The O'odham language variously called Oʼodham ñeʼokĭ, Oʼodham ñiʼokĭ or Oʼotham ñiok is spoken by all O'odham groups. There are certain dialectal differences, but despite these all O'odham groups can understand one another. There are also some lexicographical differences, especially in reference to newer technologies and innovations.

The economy of the Akimel O'otham was primarily dependent on subsistence, and consisted of farming, hunting and gathering, although there was extensive trading as well. Farming was dependent on an extensive irrigation system that was constructed in prehistoric times[6] and remains in use today. Over time canal systems were built and rebuilt according to the needs of the communities. The Akimel O'otham were experts in the area of textiles and produced intricate baskets as well as woven cloth. Prior to the arrival of Europeans, their primary military rival were the Apache and Yavapai, who raided their villages at times due to competition for resources, although they also established friendly relations with the Apache. Although the Akimel O'otham did have conflicts with other groups they are thought to have been primarily a peaceable people, because they never attacked Euro-American settlers and they were most well known for their aid to immigrants. They did, however, participate in a war cult and had a well-developed battle strategy. Akimel O'otham peoples are also very resilient warriors but only fight when necessary. A specific gene in the Warrior blood allows starvation for prolonged periods of time to be tolerated.The settlement of the city of Phoenix could not have been possible, if not for the Akimel O'otham people defending against the Apache.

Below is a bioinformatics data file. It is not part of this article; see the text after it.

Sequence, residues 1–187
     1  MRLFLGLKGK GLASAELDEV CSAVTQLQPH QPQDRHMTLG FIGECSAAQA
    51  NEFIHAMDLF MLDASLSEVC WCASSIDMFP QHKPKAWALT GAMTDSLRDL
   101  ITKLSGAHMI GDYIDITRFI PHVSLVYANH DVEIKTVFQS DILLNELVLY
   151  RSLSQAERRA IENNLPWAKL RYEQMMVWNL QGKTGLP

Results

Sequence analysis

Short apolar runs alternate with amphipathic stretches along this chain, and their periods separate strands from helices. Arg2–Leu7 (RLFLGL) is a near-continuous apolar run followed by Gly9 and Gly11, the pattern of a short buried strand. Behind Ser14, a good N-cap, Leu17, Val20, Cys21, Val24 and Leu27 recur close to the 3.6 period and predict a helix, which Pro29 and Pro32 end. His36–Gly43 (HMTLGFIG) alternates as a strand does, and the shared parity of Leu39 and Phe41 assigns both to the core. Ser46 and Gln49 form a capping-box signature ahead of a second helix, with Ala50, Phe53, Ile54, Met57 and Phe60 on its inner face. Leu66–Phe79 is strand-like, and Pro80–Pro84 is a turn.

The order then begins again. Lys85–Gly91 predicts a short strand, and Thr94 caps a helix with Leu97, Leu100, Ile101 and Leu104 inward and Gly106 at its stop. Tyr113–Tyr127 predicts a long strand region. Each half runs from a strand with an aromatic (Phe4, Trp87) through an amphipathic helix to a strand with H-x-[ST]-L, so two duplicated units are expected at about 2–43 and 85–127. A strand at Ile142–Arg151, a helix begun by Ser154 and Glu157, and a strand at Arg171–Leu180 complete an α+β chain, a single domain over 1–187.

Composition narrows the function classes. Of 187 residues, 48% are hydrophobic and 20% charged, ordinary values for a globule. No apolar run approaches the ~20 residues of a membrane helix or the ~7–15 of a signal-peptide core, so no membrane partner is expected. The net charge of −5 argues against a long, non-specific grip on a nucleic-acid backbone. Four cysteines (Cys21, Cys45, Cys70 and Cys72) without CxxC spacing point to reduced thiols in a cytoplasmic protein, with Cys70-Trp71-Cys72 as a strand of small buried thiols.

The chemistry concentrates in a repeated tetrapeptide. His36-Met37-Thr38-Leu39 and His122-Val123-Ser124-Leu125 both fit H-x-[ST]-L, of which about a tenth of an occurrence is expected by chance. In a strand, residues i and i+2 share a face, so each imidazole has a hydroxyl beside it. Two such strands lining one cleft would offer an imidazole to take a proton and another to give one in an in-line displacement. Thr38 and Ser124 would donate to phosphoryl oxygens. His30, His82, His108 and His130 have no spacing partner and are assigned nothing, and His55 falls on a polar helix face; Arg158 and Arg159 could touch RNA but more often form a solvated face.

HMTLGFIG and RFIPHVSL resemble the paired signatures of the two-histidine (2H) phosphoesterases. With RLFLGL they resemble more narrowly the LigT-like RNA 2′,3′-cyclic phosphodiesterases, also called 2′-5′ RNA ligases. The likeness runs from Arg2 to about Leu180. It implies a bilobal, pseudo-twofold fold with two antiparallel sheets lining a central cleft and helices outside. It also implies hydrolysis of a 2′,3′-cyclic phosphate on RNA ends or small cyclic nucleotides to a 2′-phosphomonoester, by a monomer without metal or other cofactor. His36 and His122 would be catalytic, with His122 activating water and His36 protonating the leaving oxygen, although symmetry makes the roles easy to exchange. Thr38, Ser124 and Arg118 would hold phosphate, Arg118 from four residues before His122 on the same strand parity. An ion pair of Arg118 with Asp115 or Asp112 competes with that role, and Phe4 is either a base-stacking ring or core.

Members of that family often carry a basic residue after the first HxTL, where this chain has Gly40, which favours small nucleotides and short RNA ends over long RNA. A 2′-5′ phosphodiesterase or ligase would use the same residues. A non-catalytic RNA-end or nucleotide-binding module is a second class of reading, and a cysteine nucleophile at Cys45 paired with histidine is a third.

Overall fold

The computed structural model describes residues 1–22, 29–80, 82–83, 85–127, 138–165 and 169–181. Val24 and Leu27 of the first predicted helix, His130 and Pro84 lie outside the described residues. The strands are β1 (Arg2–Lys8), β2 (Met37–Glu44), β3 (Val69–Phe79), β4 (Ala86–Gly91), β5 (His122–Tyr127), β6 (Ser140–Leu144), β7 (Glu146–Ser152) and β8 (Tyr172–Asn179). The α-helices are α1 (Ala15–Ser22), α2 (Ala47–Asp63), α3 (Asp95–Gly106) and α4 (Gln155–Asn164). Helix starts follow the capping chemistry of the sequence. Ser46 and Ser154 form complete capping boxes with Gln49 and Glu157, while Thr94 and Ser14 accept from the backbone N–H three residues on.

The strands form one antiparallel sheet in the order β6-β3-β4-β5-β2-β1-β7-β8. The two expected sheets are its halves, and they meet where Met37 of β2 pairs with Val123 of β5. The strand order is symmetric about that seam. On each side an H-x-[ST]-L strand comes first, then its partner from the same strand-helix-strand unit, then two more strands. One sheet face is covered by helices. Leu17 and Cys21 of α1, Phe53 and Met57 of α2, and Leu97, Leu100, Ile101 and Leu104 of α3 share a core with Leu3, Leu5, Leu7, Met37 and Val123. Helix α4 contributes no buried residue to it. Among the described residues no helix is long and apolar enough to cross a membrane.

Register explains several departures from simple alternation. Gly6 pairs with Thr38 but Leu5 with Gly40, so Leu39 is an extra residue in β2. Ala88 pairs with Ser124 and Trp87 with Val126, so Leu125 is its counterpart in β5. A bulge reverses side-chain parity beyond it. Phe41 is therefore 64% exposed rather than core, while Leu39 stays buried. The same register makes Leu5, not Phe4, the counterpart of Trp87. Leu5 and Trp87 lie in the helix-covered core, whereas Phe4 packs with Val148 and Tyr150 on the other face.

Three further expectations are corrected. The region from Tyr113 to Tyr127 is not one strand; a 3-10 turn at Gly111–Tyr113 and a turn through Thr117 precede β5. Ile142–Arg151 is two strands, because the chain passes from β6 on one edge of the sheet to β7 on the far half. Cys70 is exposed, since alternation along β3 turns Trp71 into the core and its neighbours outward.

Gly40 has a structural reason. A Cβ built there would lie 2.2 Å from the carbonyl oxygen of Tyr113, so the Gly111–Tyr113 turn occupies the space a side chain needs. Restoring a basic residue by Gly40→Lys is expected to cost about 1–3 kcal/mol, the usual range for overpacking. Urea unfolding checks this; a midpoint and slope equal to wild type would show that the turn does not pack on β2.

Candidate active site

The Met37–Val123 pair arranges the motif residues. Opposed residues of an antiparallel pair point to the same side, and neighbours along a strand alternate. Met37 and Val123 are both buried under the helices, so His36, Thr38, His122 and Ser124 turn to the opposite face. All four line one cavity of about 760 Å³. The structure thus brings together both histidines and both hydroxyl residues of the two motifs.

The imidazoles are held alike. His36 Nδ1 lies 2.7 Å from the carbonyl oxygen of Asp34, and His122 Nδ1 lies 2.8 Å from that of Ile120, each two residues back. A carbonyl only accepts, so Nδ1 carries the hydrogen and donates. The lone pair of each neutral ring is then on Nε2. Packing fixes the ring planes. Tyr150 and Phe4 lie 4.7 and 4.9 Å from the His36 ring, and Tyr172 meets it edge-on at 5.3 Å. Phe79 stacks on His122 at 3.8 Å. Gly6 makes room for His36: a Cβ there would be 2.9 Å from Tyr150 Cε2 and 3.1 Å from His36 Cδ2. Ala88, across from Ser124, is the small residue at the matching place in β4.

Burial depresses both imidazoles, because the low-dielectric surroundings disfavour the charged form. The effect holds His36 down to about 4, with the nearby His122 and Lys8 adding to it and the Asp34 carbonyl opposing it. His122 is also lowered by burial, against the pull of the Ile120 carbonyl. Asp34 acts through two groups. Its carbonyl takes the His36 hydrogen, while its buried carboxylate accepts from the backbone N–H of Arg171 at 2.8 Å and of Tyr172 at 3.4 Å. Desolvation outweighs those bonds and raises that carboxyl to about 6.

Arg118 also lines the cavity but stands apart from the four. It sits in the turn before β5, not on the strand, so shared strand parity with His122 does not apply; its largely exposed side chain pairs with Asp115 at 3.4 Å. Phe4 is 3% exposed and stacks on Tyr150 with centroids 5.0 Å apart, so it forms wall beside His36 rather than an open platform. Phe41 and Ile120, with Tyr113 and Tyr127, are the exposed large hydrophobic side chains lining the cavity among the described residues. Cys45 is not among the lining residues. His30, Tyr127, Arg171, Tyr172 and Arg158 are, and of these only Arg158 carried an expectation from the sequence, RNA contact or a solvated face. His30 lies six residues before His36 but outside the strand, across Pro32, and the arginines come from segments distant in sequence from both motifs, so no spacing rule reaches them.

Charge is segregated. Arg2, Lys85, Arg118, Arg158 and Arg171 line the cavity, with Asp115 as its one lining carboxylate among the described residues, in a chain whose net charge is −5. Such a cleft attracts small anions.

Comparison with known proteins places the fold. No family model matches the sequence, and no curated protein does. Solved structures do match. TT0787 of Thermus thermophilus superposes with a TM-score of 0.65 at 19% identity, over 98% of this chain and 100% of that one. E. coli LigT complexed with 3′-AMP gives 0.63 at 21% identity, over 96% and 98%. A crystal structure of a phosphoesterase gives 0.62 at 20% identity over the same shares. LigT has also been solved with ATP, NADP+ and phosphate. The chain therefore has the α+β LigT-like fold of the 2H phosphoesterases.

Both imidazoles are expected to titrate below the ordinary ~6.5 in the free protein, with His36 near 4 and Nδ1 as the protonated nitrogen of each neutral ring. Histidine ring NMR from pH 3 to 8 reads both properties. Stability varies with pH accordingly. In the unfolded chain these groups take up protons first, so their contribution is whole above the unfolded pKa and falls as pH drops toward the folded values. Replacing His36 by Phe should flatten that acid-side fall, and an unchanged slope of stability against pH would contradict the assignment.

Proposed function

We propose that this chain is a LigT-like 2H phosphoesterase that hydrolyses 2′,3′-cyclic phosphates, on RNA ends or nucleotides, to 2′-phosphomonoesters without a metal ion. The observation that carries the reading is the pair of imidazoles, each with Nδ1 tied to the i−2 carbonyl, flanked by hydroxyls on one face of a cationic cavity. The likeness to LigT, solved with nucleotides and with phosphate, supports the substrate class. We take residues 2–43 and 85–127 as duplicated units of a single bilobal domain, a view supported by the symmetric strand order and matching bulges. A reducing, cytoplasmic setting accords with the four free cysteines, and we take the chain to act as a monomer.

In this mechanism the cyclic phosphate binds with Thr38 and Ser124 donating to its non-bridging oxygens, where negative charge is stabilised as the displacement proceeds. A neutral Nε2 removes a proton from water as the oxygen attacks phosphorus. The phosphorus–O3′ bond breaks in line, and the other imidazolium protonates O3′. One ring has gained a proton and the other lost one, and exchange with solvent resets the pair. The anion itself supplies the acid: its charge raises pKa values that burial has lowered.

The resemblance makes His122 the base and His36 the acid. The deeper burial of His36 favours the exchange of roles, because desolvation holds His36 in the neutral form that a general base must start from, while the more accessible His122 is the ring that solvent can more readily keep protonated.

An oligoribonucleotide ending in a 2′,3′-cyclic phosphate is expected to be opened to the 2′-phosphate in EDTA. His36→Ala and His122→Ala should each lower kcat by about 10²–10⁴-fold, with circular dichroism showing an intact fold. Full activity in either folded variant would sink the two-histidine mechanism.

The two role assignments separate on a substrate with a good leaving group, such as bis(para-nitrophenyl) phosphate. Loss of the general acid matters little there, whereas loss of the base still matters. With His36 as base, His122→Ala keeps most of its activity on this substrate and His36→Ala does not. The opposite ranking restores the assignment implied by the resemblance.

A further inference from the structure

The Akimel O'Odham ("River People") have lived on the banks of the Gila River and Salt River since long before European contact.